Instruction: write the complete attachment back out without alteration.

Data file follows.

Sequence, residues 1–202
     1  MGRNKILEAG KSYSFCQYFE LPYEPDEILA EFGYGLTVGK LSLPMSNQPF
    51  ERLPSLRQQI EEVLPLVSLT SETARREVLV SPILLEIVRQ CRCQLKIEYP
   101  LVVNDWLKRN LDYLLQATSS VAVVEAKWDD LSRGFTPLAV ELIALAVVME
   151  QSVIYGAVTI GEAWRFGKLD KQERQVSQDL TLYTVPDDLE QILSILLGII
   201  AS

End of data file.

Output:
Sequence, residues 1–202
     1  MGRNKILEAG KSYSFCQYFE LPYEPDEILA EFGYGLTVGK LSLPMSNQPF
    51  ERLPSLRQQI EEVLPLVSLT SETARREVLV SPILLEIVRQ CRCQLKIEYP
   101  LVVNDWLKRN LDYLLQATSS VAVVEAKWDD LSRGFTPLAV ELIALAVVME
   151  QSVIYGAVTI GEAWRFGKLD KQERQVSQDL TLYTVPDDLE QILSILLGII
   201  AS